Bella Notte’s Harlow Collection: A Hollywood Vibe

A short Victorian jacket, its lining barely frayed, inspired a new collection from Bella Notte Linens.

It’s called Harlow, as in Hollywood’s Jean.

“I found this beautiful velvet jacket in an antique store – it’s from the early 1900s,” says Leeta Steenwyk, Bella Notte’s design director. “There’s lush velvet that’s still in good condition, but a little worn on the edges, with tattered lining in places.”

So she started playing with the notion of shabby gentility – with a lyrical touch. “The color was like a dusty red that’s faded and worn with time,” she says. “It wasn’t a color inspiration but it was a design inspiration.”

She used cotton velvet, and a silk charmeuse with cut-on-the-bias trim. “It has a nice raw edge but it doesn’t fray, and it wraps around the corners beautifully,” she says. “It’s casual but elegant, and at the same time usable.”

Applications include a classic coverlet for a whole bed, a blanket for a sofa or bed’s end, plus shams and pillows to use on a bed or sofa or in other rooms. “People have been in their homes so much over the last year, so it brings in a little energy and optimistic color,” she says.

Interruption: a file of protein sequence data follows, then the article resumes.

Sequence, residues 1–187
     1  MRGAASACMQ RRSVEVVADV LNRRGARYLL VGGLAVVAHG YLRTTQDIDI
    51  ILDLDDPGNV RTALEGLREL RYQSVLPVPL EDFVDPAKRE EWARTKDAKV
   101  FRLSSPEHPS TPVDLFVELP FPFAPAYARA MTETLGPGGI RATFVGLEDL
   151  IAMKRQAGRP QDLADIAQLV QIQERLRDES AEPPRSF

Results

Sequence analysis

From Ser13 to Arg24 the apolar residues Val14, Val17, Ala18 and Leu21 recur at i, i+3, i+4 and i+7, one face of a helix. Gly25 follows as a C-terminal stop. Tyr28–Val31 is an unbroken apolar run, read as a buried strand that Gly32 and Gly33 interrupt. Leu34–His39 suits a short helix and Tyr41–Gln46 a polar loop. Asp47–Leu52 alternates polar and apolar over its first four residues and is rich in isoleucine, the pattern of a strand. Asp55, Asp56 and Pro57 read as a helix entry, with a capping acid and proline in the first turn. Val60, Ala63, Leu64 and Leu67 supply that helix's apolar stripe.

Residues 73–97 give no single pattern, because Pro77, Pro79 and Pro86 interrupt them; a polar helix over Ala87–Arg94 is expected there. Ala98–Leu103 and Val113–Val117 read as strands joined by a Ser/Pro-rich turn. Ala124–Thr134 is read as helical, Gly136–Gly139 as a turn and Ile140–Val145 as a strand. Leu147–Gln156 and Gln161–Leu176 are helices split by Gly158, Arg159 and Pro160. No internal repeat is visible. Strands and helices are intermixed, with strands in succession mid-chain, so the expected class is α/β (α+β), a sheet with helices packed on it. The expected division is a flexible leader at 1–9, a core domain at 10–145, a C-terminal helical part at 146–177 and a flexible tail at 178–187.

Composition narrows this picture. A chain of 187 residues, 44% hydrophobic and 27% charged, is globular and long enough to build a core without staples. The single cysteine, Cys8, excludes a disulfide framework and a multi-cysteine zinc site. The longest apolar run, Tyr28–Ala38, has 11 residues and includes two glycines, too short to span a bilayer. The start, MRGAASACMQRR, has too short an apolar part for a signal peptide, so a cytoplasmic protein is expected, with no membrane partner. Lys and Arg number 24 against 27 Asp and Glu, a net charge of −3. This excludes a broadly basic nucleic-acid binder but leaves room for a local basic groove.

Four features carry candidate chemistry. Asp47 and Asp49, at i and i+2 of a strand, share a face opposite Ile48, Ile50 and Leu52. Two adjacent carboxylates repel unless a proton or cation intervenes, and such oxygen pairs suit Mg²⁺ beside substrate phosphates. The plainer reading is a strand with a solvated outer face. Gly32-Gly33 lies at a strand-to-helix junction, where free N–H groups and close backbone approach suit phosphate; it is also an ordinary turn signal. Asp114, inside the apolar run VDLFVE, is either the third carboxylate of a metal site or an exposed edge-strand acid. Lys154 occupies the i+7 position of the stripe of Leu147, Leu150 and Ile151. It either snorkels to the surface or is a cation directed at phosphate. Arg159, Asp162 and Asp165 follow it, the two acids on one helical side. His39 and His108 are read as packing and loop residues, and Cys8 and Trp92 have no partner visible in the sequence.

Her color palette is rich and luscious. “There’s Moonlight, a mid-tone gray and then Fig, a garnet purple that’s a really rich, vibrant color,” she says. “A lot of our palette is subdued, but this is really energizing – the calmness of the blue is how to make a garnet purple so harmonizing.”

The Harlow coverlet is textured in quilted cotton velvet and framed in iridescent classic charmeuse binding. The Harlow throw blanket has two layers of cotton velvet bordered by a one-inch charmeuse raw edge, giving it a comforting substance and an elegant drape. The Harlow sham, accent pillow, and 24-inch square pillow all feature a ribbon of raw-edged charmeuse along the gusset, providing structure to these handcrafted accessories.

“It’s a collection that conjures up screen stars in their elegant velvets and bias-cut silk gowns from the Golden Age of Hollywood,” she says.

And enough to inspire a remake of “Dinner at Eight.”

For more, go here.

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